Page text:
How Burgundy explains life


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I live near the old home of — now a museum devoted to — John Keats. His poems are too soulful and nature-smitten for as arid a man as me. But one phrase he invented is ever useful. “Negative capability”. It appears in his letters, not his verse, and means a tolerance for “uncertainties, mysteries, doubts”. If you are “content with half-knowledge”, instead of seeking clarity and order all the time, you possess negative capability. He used the term in praise of Shakespeare, who never tells us how to live and whose characters remain enigmas.

The wine of Burgundy is testing my negative capability. It rivals travel as my biggest financial outgoing after housing. More to the point, it rivals language-learning as my biggest cognitive drain outside of work. The world’s most complex wine region is a farrago of small producers, ambiguous climate, the temperamental pinot noir grape, baroque classification rules, the vagaries of inheritance (a master can bequeath to a fool) and adjacent vineyards of appreciably different character.

These ultra-local variations can be overstated. Burgundian discourse is prone to pre-scientific mumbo jumbo. (Look up the great “minerality” debate.) But the specifics of terroir and technique do count. And the region has managed to keep these up in a nation with a strong intellectual bent towards standardisation.

So why do I bother? Why not revert to the ancient British taste for Bordeaux? Not out of any refinement on my part. I have a palate as delicate as a cow’s rump. No, the attraction of Burgundy lies precisely in not being able to fathom it. In its lack of pattern and predictability, it is the wine that most closely simulates the experience of living. 

Looking around, all the best things are ambiguous. My favourite cities are the least planned. So is the world’s favourite sport.

With the new season about to start, I think I understand better now why football is near-universal. It is the least structured of all sports, and therefore the truest to life. It is not broken down into sets, serves, pitches, overs, frames, laps, holes or other pre-arranged units. Basketball comes somewhere close in its fluidity, but takes place on a smaller surface with fewer players, so the permutations are less. And, because football is so low-scoring, randomness is a huge element. It is possible to do nothing wrong and lose. Remind you of something?

The glory of vagueness is everywhere, even in matters of the heart. Some of the most memorable romances fall into that grey zone between one-night tryst and relationship. These tend to last long enough to allow for rapport, and perhaps a weekend break in Rome, but not long enough for boredom to set in. Much of the sex in a modern western nation happens in these hard-to-place couplings, but we have no term for them, or at least none that isn’t too profane or asinine to accord them dignity. (“Situationship”, a recent coinage on social media, is used by that genre of person who eats brunch.)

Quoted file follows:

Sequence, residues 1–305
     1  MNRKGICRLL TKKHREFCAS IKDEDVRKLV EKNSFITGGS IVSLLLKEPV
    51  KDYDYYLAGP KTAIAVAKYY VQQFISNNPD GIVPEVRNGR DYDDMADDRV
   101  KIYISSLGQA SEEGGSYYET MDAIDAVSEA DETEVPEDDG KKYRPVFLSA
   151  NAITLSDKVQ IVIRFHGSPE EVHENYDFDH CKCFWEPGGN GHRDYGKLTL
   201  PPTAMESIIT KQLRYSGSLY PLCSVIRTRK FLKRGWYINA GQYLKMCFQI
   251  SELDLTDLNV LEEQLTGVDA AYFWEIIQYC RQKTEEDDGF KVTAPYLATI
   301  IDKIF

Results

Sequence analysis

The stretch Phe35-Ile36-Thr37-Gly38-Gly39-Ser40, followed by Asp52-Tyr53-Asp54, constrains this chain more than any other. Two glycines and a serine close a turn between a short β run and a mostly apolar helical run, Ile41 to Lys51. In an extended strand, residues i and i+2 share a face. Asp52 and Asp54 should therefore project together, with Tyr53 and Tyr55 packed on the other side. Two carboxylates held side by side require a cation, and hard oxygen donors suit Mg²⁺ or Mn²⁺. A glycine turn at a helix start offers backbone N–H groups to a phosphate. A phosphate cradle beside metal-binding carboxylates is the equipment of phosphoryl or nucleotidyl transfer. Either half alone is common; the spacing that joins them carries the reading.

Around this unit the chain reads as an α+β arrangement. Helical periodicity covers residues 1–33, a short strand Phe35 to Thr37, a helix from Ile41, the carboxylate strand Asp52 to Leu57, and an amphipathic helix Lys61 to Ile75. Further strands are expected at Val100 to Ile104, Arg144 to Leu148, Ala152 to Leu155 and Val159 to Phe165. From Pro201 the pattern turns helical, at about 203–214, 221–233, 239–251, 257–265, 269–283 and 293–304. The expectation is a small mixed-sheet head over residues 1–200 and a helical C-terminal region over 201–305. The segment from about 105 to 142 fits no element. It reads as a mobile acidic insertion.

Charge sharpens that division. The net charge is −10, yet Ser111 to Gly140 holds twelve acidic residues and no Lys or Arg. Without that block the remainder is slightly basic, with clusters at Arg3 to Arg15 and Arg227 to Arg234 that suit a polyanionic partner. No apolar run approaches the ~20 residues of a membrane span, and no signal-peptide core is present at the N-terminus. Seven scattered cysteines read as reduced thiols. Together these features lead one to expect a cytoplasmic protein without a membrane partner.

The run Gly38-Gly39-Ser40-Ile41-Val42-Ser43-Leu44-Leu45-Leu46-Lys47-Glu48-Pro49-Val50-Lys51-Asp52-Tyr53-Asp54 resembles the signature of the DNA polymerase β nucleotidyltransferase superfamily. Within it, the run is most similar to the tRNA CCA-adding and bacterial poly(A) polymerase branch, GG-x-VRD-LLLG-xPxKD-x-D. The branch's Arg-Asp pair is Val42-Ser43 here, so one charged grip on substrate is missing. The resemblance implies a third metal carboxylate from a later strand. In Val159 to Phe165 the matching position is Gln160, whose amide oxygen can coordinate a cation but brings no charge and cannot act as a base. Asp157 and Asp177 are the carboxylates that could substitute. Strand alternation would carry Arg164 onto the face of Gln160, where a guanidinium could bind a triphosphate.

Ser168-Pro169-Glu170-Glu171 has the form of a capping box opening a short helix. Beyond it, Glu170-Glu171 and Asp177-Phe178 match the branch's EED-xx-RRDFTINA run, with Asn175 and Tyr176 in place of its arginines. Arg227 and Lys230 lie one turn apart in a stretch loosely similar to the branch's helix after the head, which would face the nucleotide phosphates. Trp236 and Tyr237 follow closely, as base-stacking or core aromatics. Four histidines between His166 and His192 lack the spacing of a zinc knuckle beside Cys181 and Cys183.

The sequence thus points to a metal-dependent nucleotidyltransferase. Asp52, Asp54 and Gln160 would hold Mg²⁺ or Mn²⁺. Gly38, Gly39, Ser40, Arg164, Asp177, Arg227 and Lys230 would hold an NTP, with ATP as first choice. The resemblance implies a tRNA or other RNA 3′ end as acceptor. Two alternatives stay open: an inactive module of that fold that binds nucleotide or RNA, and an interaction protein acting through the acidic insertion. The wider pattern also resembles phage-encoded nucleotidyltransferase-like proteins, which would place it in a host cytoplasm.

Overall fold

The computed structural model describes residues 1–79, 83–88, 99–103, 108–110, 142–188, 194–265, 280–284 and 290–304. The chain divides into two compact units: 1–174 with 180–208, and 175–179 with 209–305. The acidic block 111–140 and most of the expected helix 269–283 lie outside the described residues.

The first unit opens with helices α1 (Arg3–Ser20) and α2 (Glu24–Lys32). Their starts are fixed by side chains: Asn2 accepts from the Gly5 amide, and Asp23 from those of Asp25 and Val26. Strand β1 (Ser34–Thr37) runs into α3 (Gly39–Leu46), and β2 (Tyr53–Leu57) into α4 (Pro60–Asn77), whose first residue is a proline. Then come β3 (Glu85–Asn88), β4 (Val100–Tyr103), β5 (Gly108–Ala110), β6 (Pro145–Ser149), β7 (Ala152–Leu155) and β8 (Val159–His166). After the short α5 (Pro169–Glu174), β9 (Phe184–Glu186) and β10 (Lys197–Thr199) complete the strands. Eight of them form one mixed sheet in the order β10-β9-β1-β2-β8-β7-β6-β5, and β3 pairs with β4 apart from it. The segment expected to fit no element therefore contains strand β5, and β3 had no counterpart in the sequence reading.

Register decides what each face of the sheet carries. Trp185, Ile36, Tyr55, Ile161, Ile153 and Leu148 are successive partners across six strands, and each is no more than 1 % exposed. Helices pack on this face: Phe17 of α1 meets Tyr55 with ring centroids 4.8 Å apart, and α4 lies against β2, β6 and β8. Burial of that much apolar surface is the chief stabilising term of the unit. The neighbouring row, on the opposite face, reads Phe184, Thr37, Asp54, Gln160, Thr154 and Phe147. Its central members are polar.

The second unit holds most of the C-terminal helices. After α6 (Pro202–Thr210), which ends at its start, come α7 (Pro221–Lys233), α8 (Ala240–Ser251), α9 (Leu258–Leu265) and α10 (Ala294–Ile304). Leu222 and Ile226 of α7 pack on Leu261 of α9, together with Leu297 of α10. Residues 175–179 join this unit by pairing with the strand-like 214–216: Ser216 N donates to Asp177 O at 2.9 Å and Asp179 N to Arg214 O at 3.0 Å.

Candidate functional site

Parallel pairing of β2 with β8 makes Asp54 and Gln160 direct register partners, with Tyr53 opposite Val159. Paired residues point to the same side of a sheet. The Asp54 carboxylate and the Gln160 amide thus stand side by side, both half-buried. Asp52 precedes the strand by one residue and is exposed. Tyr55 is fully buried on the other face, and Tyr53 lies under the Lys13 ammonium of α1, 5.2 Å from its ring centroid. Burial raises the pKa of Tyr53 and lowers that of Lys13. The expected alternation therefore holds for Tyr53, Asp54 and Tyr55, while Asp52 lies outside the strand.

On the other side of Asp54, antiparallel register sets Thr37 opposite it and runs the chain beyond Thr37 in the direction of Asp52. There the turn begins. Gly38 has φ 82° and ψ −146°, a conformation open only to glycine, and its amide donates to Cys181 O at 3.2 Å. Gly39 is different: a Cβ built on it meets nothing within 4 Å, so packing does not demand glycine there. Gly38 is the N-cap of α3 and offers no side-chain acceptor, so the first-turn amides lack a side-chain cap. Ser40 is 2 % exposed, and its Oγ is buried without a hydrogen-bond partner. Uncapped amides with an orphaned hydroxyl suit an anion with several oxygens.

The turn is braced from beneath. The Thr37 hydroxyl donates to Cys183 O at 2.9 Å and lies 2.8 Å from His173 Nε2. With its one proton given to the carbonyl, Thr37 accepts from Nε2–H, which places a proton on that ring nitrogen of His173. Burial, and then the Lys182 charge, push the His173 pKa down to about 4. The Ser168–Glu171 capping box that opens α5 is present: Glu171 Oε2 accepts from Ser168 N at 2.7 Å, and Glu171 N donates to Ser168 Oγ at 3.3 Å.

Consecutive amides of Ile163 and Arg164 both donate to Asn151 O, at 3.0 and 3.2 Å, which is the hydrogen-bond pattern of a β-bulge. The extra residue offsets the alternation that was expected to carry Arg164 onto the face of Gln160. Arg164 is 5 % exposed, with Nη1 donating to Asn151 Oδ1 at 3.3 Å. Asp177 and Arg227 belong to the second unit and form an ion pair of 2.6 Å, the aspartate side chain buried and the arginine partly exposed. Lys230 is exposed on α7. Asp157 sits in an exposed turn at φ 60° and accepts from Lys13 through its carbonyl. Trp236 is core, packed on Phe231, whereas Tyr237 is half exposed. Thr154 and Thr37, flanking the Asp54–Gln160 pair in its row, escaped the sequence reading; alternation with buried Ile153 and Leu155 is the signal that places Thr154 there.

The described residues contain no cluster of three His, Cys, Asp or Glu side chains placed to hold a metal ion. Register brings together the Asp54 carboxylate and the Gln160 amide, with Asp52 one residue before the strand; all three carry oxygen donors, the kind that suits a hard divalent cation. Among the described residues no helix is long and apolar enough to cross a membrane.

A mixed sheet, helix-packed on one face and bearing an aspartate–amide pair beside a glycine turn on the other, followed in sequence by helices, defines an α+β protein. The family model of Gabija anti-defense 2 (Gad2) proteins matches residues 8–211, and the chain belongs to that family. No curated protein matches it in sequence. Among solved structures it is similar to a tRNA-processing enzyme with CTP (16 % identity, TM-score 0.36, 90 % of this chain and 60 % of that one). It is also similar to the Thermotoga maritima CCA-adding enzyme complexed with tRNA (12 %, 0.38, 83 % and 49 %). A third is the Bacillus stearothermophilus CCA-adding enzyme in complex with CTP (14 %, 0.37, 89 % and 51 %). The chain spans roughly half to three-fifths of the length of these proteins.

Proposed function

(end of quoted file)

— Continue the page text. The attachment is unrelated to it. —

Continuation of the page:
The intellectual trend of the past century or so has been an embrace of disorder. There is a nice scene in Oppenheimer where he takes delight in the uncertainties of the quantum world after two centuries of Newtonian structure. At the same time, or thereabouts, the Cubists were painting from many perspectives, not just one. Jazz was breaking with recognisable musical form. Literature was losing its shape under Proust and Joyce.

The connecting idea here was that life itself doesn’t obey formal patterns, so why should art? It is a revolution we call “modern” or “modernist”. But vine-tending Benedictine monks had been applying it in a region of eastern France the better part of a millennium earlier. The wine that comes out of there can still taste of contradictory things all at once and, to a newcomer, of nothing at all.

In I Drink Therefore I am, a gimmicky name for a deep book, the philosopher Roger Scruton almost persuades me that claret is better. The great commercial houses of Bordeaux have the logistical wherewithal to ensure a higher minimum standard. But life isn’t Bordelais. It isn’t Tuscan or Californian. In its power to confuse and disappoint, it is Burgundian. There are more certain drinking experiences to be had, for lower prices, at much less intellectual effort. But which poet ever exalted positive capability?

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Lisa Holden
Lisa Holden
Lisa Holden is a news writer for LinkDaddy News. She writes health, sport, tech, and more. Some of her favorite topics include the latest trends in fitness and wellness, the best ways to use technology to improve your life, and the latest developments in medical research.

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